The major domestic equity indexes stocks were up more than 1 percent on Tuesday, recovering from the sharp sell-off the previous day as China stepped in to stabilize the yuan, easing concerns that currencies would be the next weapon in the U.S.-China trade war.

China’s overnight intervention came after the Treasury Department labeled Beijing a currency manipulator as it let the yuan slide to a more than decade low on Monday.

The gains came a day after the largest percentage drop in the indexes of the year and a sharp fall in the Chinese currency.

China’s move to fix the yuan at a slightly stronger rate, and a White comment that Trump was planning to host a Chinese delegation for talks in September, allayed fears of a further escalation in the trade war.

The S&P technology index, which includes companies that have a big exposure to China and were at the heart of Monday’s sell-off, provided the largest gains to the S&P index, which was up 1.61%.

After the bell, shares of Disney fell 2.6% following the release of its quarterly results.

During the regular session, Apple gained 1.9% after recent heavy losses, while the Philadelphia Semiconductor index rose 1.28%.

Among other stocks, Take-Two Interactive Software rose 8.0% after the videogame publisher raised its full-year revenue forecast.

Approximately 7.93 billion shares changed hands on the major domestic equity indexes, as compared to the 6.91 billion share average over the past 20 trading days.

A Cooing Off of the Labor Market

The Labor Department indicated on Tuesday that job openings and hiring fell in June, suggesting that demand for labor was cooling in tandem with a slowing economy. The report came against the backdrop of an escalation in the trade war between the United States and China.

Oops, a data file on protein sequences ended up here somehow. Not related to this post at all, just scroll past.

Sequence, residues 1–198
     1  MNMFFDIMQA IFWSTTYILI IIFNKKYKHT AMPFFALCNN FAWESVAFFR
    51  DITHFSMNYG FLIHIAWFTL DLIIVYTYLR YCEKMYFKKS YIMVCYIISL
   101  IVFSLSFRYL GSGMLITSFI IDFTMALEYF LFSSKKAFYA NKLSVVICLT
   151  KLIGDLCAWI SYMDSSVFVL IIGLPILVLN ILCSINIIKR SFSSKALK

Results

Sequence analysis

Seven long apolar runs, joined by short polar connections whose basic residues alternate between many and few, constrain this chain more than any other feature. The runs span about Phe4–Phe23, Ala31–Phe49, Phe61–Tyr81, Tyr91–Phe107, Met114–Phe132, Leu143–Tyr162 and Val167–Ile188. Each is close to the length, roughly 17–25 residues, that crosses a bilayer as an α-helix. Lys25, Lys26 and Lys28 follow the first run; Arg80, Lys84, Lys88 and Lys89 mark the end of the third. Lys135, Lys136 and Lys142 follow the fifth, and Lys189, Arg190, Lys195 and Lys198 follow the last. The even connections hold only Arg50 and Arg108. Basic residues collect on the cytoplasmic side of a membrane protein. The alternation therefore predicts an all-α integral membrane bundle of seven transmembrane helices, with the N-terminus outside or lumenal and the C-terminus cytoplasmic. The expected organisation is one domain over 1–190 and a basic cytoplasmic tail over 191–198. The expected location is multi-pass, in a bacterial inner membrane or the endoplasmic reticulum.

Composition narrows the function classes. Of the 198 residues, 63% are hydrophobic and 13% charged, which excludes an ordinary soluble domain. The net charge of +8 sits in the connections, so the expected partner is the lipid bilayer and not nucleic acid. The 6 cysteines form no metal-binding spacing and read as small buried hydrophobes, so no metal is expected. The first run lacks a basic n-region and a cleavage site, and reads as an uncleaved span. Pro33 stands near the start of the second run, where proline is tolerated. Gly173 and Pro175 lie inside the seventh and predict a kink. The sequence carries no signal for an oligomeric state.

Job openings, a measure of labor demand, slipped by 36,000 to a seasonally adjusted 7.3 million in June, the government said in its monthly Job Openings and Labor Turnover Survey, or JOLTS. Since hitting an all-time high of 7.6 million in late 2018, job openings have been flat this year, suggesting some easing in labor market conditions.

The job openings rate dipped to 4.6% from 4.7% in May. There were declines in vacancies in the leisure and hospitality sector, and construction. But job openings increased in the real estate and rental and leasing industry, and state and local government education.

Hiring decreased by 58,000 jobs to 5.7 million in June. The hiring rate was unchanged at 3.8%. Hiring fell in the manufacturing and professional and business services industries. It increased by 76,000 jobs in the accommodation and food services industry.

The moderation in hiring in June suggests a big rebound in job growth in the months ahead is unlikely. Nonfarm payrolls increased by 164,000 jobs in July, down from 193,000 in June, the government reported last Friday.

You could attribute some of the slowdown in hiring to the fading stimulus from last year’s $1.5 trillion tax cut package.

The number of workers voluntarily quitting their jobs dipped to 3.4 million in June from 3.5 million in May. The quits rate was unchanged at 2.3% for the 13th straight month.

The quits rate is viewed as a measure of job market confidence. The decline in the number of workers quitting their jobs was concentrated in transportation, warehousing, and utilities, and state and local government, excluding education. There was, however, an increase in the number of workers quitting their jobs in the construction sector.

Layoffs edged down in June, pushing the layoffs rate to 1.1% from 1.2% in May. Layoffs fell in professional and business services as well as the arts, entertainment, and recreation sector, but rose in the accommodation and food services sector.